Gotta love it when a book opens with a quote from (I'm guessing) The Subtle Knife...
(Maybe it's from The Amber Spyglass?)
"But sometimes a tool may have other uses that you don't know. Sometimes in doing what you intend, you also do what the knife intends, without knowing." - PHILIP PULLMAN
May 21, 2018 rated it it was amazing
I read this book because David Plotz of the Political Gabfest recommended it, and we have very similar book tastes. He said it reminded him of and was as good as Station Eleven, but I'd say it was even better.

The first half of the novel, which I read over three days, focuses on the backstory of the protagonist, Frankie, and her current life studying bonobos in a laboratory setting. Frankie is recovering from endometriosis, which we learn about (immeasurable pain and nobody taking it seriously b
Megan Prokott
Feb 01, 2019 rated it it was amazing
Rarely have I read a book that made me look at ethics, technology, animals, and communication with such a discerning eye. The dystopian underpinnings of Theory of Bastards presents itself subtly as we enter the book and kicks up significantly about halfway through as disaster strikes the Foundation. Schulman excels in this genre and makes her readers ask hard questions about not-far-away future possibilities and the extreme pros and cons of technology and medical advancements. We also face the r ...more
May 20, 2018 rated it it was amazing
I couldn’t put this book down: 416 pages, and I finished it in 4 days. It’s a story of illness, of scientific discovery, of animal behaviour, and of the apocalypse, and yet it’s also something more. Every character is exquisite, every sentence is carefully crafted, and every idea has been deeply researched. The lead figure, Frankie, is somehow both an everywoman for us all, and also heroic beyond belief. “Theory of Bastards” is a superb and extraordinary novel.
Andy Lillich
Jun 22, 2018 rated it it was amazing  ·  review of another edition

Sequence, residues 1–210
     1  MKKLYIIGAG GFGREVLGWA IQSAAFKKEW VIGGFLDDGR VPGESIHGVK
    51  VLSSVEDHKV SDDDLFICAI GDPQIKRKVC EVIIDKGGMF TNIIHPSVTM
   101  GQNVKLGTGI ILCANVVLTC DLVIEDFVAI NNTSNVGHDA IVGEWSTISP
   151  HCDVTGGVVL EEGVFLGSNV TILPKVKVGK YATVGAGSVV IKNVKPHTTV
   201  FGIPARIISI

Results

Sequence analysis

I must confess that I LOVED Schulman's Ten Weeks in December - and was delighted to hear she had a new novel out. To me, she is a Master of her own unique style of inventing what feel to me like wholly original stories that intertwine disparate plots that detail moments in the lives of wholly unique - yet believable characters, stories that are also filled with scrupulously researched factual material - some of it scientific, some of it speculative. I especially share her love of the subject of ...more
Nerdette Podcast
Jun 05, 2018 rated it it was amazing
This book is about a lot of things: evolutionary theory, our reliance on tech, bonobo monkeys, endometriosis, home, touch, breath, life. But all you really need to know is that it is phenomenal.
switterbug (Betsey)
Nov 05, 2018 rated it it was amazing
Shelves: favorites
Imagine the near future—maybe 40 years from now. Technology has advanced to skin implants and and special eye lenses to access the Internet. Printers print out 3-D “food,”—paper loaded with nutrients and fed to mostly animals. “Poly-roaches” are viruses that can entirely shut down digital networks. Climate change effects are now extreme; there are terrible floods and also raging dust storms that cause serious respiratory illnesses, like debilitating asthma.

Into this world steps Frankie Burke, a
Izzy Bartling
Jun 17, 2018 rated it it was amazing
A strange, strange book that was weirdly captivating. Very different from what I normally read but undoubtedly a book I will never forget.
Schulman's prose and character development is incredibly unique. Also, the story completely morphed from being distant and fact-heavy to an emotional catapult filled with theories on the complex observations of love, family, and loss.
It's kind of a hidden gem, something I never thought I'd like.
Robin Meadows
May 23, 2018 rated it did not like it